In the first trimester of the pregnancy, TD should be suspected if nuchal brightness and extremity shortness are noted in the ultrasonographic examination, In these cases, definitive tests can be done in the second trimester of pregnancy with pathological or molecular methods. In high risk cases, samples for genetic investigation can be obtained by amniocentesis earliest at weeks 15-18 or by chorionic villus samples at weeks 10-12. A tentative diagnosis by these prenatal ultrasound evaluations and genetic tests facilitates an early diagnosis and provision of genetic counseling service.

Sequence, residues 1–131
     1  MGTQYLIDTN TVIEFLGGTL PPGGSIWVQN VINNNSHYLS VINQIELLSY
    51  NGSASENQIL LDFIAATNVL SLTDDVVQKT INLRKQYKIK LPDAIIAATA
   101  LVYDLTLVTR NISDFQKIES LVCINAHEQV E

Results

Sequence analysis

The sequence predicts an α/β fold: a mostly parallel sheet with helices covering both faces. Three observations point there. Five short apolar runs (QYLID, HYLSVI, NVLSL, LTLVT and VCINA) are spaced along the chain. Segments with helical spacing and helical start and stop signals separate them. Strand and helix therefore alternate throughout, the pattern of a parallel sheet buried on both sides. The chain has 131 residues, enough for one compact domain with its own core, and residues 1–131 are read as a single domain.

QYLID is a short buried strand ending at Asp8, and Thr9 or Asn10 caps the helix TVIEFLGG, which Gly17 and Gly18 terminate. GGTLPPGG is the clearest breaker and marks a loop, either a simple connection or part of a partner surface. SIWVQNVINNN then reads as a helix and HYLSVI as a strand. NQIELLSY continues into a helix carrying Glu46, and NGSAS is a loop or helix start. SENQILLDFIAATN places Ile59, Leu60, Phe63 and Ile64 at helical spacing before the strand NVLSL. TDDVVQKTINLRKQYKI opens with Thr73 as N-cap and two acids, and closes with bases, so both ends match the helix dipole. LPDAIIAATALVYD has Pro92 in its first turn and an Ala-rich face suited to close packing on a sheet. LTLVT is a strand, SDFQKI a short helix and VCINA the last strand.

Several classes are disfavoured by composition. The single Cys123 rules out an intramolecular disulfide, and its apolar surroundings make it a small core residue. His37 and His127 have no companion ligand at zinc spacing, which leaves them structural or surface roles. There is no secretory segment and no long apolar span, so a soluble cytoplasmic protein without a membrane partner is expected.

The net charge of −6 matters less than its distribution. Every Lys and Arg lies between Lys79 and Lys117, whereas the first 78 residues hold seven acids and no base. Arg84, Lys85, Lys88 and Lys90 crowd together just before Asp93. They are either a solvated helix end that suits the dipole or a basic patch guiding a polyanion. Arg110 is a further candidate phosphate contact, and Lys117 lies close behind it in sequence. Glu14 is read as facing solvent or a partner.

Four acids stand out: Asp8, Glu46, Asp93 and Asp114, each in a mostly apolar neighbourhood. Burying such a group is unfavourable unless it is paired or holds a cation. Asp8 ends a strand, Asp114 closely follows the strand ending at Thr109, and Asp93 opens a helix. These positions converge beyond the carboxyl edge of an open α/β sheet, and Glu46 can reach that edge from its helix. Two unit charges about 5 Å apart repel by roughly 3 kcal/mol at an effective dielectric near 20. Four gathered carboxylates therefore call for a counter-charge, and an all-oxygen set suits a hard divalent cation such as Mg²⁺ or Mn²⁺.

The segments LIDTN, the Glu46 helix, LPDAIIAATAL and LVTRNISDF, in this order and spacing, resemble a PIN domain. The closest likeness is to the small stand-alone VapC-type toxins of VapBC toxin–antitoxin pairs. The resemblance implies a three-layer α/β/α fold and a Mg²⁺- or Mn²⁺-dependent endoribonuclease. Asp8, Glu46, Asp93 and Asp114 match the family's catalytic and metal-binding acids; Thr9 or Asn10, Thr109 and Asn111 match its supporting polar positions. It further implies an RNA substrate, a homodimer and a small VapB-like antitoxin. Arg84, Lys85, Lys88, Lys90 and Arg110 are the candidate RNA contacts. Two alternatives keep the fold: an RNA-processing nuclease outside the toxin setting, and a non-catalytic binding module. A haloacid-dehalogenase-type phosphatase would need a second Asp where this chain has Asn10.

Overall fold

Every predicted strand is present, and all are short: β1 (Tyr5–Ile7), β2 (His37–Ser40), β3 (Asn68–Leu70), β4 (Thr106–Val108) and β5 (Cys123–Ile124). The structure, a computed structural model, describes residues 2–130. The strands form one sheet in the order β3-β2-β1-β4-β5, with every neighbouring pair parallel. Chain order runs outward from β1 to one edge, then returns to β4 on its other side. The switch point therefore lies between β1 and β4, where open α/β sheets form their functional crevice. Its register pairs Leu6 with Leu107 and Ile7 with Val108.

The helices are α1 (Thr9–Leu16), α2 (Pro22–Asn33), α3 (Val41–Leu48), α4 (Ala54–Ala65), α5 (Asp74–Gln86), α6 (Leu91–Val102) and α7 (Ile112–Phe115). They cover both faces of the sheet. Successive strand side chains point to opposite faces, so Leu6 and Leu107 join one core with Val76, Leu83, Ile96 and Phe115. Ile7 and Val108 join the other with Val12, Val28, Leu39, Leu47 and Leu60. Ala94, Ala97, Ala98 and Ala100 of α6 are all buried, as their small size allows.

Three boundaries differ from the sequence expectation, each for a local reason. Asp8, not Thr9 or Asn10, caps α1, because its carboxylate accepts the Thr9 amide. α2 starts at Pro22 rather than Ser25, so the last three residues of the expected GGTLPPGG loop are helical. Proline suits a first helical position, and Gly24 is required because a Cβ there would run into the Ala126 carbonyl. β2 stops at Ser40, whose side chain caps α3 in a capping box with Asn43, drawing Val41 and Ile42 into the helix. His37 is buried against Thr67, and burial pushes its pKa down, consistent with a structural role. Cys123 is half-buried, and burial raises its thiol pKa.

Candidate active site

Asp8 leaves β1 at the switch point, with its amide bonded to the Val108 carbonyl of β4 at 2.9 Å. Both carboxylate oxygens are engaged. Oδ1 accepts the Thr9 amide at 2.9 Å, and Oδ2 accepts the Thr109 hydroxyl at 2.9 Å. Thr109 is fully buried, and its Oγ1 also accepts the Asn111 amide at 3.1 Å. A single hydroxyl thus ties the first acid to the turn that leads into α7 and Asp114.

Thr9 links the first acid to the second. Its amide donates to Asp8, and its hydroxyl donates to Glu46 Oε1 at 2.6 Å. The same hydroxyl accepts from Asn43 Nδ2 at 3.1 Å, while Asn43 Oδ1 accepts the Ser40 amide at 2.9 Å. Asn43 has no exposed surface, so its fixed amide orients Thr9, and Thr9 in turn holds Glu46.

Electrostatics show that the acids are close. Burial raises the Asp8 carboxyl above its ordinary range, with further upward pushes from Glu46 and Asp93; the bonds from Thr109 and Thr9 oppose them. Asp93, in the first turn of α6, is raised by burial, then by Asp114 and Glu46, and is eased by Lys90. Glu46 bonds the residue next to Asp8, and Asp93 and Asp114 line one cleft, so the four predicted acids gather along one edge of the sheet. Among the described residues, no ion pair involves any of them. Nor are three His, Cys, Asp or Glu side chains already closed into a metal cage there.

The mutation in most TD cases is de novo. The parents may be unaffected. In our case, in the genetic investigation performed on the blood sample, exons 9, 10, 13 and 15 in FGFR3 gene were scanned and a heterozygous T394K mutation (changing from ACG to AAG) was detected in the exon 10. To our knowledge, this mutation has not been reported previously (Table 1) (14,15,16,17,18).